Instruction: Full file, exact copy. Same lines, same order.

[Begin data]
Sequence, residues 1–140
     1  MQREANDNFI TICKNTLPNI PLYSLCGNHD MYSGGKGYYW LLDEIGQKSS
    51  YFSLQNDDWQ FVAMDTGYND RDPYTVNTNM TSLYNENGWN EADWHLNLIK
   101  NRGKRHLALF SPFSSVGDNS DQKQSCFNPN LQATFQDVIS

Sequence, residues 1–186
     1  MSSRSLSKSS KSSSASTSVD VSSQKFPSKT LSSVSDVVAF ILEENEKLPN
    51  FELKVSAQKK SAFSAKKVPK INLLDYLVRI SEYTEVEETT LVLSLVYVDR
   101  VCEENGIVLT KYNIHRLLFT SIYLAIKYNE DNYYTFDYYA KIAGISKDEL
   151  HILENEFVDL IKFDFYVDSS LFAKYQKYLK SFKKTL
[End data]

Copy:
Sequence, residues 1–140
     1  MQREANDNFI TICKNTLPNI PLYSLCGNHD MYSGGKGYYW LLDEIGQKSS
    51  YFSLQNDDWQ FVAMDTGYND RDPYTVNTNM TSLYNENGWN EADWHLNLIK
   101  NRGKRHLALF SPFSSVGDNS DQKQSCFNPN LQATFQDVIS

Sequence, residues 1–186
     1  MSSRSLSKSS KSSSASTSVD VSSQKFPSKT LSSVSDVVAF ILEENEKLPN
    51  FELKVSAQKK SAFSAKKVPK INLLDYLVRI SEYTEVEETT LVLSLVYVDR
   101  VCEENGIVLT KYNIHRLLFT SIYLAIKYNE DNYYTFDYYA KIAGISKDEL
   151  HILENEFVDL IKFDFYVDSS LFAKYQKYLK SFKKTL